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The iconic Louis Vuitton handbags being made in Texas

Jeanette Settembre

The Louis Vuitton monogram logo is known around the world, and according to Vogue magazine, first appeared on its luggage collection in 1896.

Now the luxury French fashion house is bringing production of its world-renowned bags to Texas for the first time, but will a designer label from the Lone Star state have the same status appeal to luxury shoppers?

On Thursday, President Trump visited its new factory in Johnson County where six of Louis Vuitton's most iconic monogrammed canvas and leather handbags will be made and reflected on his own experience with the brand.

And while brand experts say the “Made in America” story can appeal to a broader mass market, some consumers say they want their luxury labels coming from their place of origin.

“You’re buying a luxury brand that’s French and is perceived as exotic. The whole appeal is that it’s made in Paris.  Who wants to buy Vuitton from Texas?” New York City-based celebrity fashion consultant Amanda Sanders told FOX Business. “If it’s now going to be made in Texas, they’re going to have to lower their price point to appeal to the masses.”

Louis Vuitton spokeswoman Anntal Silver told Fox Business one of the bags being assembled is the iconic Neverfull leather tote bag which fashion bloggers tote as one of the label's most popular bags ever.

Also coming off the Texas assembly line are the bohemian style Artsy shoulder bag; the hobo canvas Graceful style; the Palm Springs backpack; the Lena shoulder tote; and the NéoNoé bucket bag cross-body. The bags will be tagged "Made in the U.S.A." and range in price from $1,240 to $3,200.

Louis Vuitton’s Texas location has reportedly been two years in the making. It employs around 150 workers making handbags and backpacks and will create 1,000 new jobs for the next several years, the Dallas Morning News reported. Trump and his daughter, Ivanka, were joined at the ribbon-cutting ceremony by LVMH chairman-CEO Bernard Arnault and Louis Vuitton chairman-CEO Michael Burke.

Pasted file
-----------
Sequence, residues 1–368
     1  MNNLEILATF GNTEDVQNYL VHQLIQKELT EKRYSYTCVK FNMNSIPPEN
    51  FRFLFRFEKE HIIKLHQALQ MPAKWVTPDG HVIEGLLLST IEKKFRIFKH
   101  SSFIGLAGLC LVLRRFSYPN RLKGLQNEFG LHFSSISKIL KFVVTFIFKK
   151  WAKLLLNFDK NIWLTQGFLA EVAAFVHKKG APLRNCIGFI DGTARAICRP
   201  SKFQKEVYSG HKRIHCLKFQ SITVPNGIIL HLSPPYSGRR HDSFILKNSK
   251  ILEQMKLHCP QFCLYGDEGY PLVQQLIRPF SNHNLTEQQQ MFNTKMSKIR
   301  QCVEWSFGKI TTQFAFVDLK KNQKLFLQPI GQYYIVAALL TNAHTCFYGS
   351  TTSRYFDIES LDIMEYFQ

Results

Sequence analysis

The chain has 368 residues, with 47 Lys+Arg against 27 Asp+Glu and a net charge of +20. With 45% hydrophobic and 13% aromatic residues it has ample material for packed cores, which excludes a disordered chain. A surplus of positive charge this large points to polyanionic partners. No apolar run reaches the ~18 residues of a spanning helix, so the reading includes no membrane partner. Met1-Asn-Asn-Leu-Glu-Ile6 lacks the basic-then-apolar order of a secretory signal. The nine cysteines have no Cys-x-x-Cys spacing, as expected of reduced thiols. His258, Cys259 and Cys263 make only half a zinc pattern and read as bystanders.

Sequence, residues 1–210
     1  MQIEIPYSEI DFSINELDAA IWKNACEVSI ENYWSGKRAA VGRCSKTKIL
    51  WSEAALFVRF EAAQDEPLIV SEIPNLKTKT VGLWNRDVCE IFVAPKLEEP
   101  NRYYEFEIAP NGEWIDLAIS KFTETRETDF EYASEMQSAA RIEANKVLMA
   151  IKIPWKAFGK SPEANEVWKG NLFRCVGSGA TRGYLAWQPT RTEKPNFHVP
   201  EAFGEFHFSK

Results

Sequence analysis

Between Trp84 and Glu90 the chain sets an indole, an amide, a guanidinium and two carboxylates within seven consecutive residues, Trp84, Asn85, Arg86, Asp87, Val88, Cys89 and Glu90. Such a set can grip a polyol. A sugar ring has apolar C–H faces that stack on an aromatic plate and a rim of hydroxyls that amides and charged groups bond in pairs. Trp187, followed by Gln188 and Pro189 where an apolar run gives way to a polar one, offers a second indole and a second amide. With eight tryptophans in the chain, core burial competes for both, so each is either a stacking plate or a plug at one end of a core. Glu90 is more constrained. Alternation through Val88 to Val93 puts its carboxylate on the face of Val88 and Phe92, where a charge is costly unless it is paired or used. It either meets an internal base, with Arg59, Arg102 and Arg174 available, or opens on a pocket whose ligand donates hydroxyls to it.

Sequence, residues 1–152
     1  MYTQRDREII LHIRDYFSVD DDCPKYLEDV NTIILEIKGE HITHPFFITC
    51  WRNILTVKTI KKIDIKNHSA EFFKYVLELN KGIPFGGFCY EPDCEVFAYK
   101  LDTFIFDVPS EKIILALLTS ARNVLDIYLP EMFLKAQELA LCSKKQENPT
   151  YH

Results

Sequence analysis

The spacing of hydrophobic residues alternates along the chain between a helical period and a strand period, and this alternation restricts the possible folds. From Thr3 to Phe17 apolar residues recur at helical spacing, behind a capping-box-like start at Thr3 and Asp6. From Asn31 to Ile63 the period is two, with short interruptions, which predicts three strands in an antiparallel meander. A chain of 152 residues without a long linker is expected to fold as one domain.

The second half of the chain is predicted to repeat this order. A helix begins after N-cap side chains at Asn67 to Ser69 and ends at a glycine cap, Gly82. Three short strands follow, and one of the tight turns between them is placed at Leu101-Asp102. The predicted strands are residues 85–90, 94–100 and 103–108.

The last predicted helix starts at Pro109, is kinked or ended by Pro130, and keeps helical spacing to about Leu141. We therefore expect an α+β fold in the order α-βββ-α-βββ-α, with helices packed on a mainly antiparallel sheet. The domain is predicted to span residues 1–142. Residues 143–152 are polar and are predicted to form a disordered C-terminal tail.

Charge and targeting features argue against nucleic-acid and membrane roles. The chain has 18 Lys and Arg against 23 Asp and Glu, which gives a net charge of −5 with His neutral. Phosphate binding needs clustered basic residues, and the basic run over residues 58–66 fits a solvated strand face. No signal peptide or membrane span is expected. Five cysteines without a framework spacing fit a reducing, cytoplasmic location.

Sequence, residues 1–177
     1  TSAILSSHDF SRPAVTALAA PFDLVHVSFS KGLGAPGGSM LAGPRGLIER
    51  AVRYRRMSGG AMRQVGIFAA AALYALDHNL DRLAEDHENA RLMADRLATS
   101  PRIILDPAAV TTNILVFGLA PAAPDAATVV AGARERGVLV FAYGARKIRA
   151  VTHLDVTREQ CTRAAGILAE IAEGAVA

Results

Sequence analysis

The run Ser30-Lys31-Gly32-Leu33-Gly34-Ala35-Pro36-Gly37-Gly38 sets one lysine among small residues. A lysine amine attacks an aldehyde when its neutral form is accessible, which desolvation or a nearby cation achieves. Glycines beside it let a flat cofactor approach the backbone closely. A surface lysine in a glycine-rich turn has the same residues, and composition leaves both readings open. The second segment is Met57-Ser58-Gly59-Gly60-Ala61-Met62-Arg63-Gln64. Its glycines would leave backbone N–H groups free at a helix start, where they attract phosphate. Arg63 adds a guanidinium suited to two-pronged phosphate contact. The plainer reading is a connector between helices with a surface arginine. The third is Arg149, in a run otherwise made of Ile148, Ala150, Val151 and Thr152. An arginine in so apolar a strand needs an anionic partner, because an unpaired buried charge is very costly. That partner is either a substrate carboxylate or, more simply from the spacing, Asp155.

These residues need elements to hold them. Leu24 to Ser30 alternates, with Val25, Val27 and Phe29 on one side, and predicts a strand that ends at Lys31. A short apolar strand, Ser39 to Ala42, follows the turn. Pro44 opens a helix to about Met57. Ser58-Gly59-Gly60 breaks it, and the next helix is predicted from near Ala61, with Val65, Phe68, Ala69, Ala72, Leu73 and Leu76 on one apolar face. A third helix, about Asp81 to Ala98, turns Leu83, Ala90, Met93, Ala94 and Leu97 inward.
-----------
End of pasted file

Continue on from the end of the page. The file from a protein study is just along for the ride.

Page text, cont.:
The push to move its 100,000-square-foot workshop to Texas was to “meet the ever-growing demand for Louis Vuitton products in the American market,” according to a release from the company. Louis Vuitton’s luxury competitors like Chanel, Hermes, and Gucci have left most of their production in France and Italy.

Some shoppers say they’re less likely to splurge on a luxury item that is made outside of its home country.

“When you’re spending thousands of dollars on a luxury handbag, you want it to be authentic to the origin of the fashion house. You want your Gucci or Fendi bag to be made in Italy, and your Chanel or Louis Vuitton bag to be manufactured in France,” said Olivia Fernandes, 28, a New York City-based menswear designer.

While Americans say they want to buy products that are made in the U.S., most don’t want to pay more for them. Thirty-seven percent of consumers said they would refuse to pay up to 5 percent more to buy American, and 21 percent said they’d pay no more than 10 percent, according to a Reuters poll.

Still, branding experts say the “Made in America” story could be a strategic selling point to attract new customers to the brand.

“When the [manufacturing] process is happening locally – you see it in clothing; in furniture – there’s this notion of quality and durability. The idea of the best version of something being made in America does stand for durability, which connects to quality and craftsmanship,” Nandi Welch, head of business strategy at brand consultancy Ruptures Studio said.


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